Making sport of browser security, hackers topple IE, Safari
Microsoft not left out of the carnage
Not to be left out, IE was equally devastated. Steven Fewer, an independent security researcher and principle of security consultancy Harmony Security, said he also exploited a use-after-free bug in the browser. Microsoft has fortified IE with a security sandbox that isolates it from more sensitive parts of the operating system, so Fewer had to exploit a design flaw in to break out.
“The (sandbox) escape I found was pretty easy, to be honest,” he said. “Surprisingly so.”
In all, he said it took him about six weeks of full-time research to find the bugs and write working exploits for them.
As the contest commenced, there were four contestants signed up to attack Safari, three to attack IE and just one to attack Chrome, which in addition to the $15,000 prize awarded by Pwn2Own sponsor Tipping Point, also fetched $20,000 from Google. The contestant never showed.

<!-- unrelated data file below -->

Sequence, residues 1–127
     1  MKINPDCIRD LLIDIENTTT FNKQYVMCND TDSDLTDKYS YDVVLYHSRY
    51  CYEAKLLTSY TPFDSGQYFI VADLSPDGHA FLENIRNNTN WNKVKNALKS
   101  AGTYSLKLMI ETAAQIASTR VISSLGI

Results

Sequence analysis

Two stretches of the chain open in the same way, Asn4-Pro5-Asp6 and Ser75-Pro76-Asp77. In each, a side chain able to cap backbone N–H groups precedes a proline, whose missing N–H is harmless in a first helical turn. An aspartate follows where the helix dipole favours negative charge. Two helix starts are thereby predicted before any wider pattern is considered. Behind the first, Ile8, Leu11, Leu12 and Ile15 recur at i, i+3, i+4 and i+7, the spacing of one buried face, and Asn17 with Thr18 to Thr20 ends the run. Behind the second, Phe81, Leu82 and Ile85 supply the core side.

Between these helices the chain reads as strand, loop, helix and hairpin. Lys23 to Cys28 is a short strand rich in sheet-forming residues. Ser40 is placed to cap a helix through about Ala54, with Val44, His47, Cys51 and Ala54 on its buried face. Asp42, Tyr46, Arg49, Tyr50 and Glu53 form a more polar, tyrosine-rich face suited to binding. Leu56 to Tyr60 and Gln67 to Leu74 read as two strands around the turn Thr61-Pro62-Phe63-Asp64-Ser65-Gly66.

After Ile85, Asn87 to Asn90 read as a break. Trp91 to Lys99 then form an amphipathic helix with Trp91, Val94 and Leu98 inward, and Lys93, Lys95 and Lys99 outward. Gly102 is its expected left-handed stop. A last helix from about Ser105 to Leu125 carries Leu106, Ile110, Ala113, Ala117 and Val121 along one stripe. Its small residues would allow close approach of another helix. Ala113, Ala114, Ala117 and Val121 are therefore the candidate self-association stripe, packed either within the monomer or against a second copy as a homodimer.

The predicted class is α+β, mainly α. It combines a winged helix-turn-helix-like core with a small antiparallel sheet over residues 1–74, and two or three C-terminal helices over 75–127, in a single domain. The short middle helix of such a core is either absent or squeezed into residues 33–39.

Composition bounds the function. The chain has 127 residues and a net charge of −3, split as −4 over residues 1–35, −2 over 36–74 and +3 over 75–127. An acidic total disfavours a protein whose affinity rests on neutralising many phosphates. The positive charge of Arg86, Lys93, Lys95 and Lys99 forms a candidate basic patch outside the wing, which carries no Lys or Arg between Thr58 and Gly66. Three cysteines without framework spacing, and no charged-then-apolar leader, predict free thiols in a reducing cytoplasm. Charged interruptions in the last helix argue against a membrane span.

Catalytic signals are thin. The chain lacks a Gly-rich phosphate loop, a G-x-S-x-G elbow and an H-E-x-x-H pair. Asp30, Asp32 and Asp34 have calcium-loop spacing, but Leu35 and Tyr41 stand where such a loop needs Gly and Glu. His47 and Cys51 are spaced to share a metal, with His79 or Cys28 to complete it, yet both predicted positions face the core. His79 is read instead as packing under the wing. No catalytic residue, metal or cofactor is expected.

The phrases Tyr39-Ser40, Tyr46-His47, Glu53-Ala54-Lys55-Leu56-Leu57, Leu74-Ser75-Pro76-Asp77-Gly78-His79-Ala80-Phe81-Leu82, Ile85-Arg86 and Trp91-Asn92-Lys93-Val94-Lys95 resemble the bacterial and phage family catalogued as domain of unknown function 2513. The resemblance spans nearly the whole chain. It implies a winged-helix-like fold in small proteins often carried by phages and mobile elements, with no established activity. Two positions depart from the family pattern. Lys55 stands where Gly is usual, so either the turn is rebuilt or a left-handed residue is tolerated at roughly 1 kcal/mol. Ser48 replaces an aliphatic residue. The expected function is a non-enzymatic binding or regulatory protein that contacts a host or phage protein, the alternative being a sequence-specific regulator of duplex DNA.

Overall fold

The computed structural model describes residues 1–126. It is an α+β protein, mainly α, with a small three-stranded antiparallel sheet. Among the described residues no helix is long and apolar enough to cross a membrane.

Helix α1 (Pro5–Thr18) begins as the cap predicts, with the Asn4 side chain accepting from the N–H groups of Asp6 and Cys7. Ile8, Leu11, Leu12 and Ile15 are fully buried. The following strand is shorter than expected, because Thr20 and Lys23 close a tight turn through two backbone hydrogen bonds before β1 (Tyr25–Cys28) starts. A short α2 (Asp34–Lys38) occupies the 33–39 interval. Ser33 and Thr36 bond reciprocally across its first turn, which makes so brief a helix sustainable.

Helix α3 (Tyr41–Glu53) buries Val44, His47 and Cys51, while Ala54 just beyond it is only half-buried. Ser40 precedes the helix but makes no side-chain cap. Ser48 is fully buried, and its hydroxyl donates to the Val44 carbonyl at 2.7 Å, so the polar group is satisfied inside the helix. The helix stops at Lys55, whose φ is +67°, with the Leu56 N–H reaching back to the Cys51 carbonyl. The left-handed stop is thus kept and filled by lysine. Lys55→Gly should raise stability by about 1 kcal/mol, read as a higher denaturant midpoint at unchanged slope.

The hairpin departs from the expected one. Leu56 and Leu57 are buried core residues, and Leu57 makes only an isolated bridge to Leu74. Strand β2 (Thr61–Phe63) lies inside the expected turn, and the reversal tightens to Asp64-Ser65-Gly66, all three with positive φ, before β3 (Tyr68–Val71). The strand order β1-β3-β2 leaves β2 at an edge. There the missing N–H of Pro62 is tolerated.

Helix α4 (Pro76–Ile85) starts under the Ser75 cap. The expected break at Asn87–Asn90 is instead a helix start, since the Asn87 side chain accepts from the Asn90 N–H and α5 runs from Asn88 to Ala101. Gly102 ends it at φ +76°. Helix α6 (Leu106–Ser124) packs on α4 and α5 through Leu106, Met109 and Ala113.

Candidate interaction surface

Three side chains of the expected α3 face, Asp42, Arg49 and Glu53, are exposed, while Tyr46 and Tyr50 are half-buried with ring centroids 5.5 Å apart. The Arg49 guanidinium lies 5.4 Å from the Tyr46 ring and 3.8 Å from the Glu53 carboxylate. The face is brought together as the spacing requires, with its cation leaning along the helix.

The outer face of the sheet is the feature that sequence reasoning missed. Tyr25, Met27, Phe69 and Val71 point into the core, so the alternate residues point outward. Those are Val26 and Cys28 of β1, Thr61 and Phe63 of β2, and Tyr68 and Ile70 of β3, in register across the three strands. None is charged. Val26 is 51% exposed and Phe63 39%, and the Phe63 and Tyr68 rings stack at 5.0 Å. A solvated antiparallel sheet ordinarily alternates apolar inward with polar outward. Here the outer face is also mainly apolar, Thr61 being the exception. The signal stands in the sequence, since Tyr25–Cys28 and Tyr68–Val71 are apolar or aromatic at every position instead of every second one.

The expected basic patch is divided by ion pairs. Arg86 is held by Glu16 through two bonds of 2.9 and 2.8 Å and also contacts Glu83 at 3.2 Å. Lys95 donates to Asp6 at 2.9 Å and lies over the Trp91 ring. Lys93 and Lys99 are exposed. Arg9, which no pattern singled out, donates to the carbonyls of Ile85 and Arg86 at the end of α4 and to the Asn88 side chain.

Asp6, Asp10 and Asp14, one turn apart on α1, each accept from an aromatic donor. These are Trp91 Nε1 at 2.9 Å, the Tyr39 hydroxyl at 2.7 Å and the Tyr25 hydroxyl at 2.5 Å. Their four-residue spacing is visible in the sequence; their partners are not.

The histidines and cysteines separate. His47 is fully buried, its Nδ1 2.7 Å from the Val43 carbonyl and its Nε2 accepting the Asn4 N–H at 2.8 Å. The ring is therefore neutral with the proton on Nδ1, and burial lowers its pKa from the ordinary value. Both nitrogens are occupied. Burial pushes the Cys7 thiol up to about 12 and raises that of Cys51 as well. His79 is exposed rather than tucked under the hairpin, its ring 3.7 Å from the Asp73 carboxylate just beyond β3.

Day Two of the contest will turn its attention to smartphone security, with $15,000 prizes to the first person who successfully commandeers a Dell Venue Pro running Windows 7 Mobile, an iPhone 4, a BlackBerry Torch 9800, and a Nexus S running Google's Android. All four platforms have multiple contestants signed up to attack them, although Android hacker Jon Oberheide recently dropped out after killing his own Android vulnerability.
George Hotz, the prolific hacker and jailbreaker who goes by the moniker GeoHot, has also dropped out, evidently because Sony, which is waging a no-hold-barred legal fight against him for unlocking the PlayStation 3 game console, has given him much more pressing things to attend to.
The contest runs through Friday at the CanSecWest security conference in Vancouver. ®
Sponsored: Fast data protection ROI?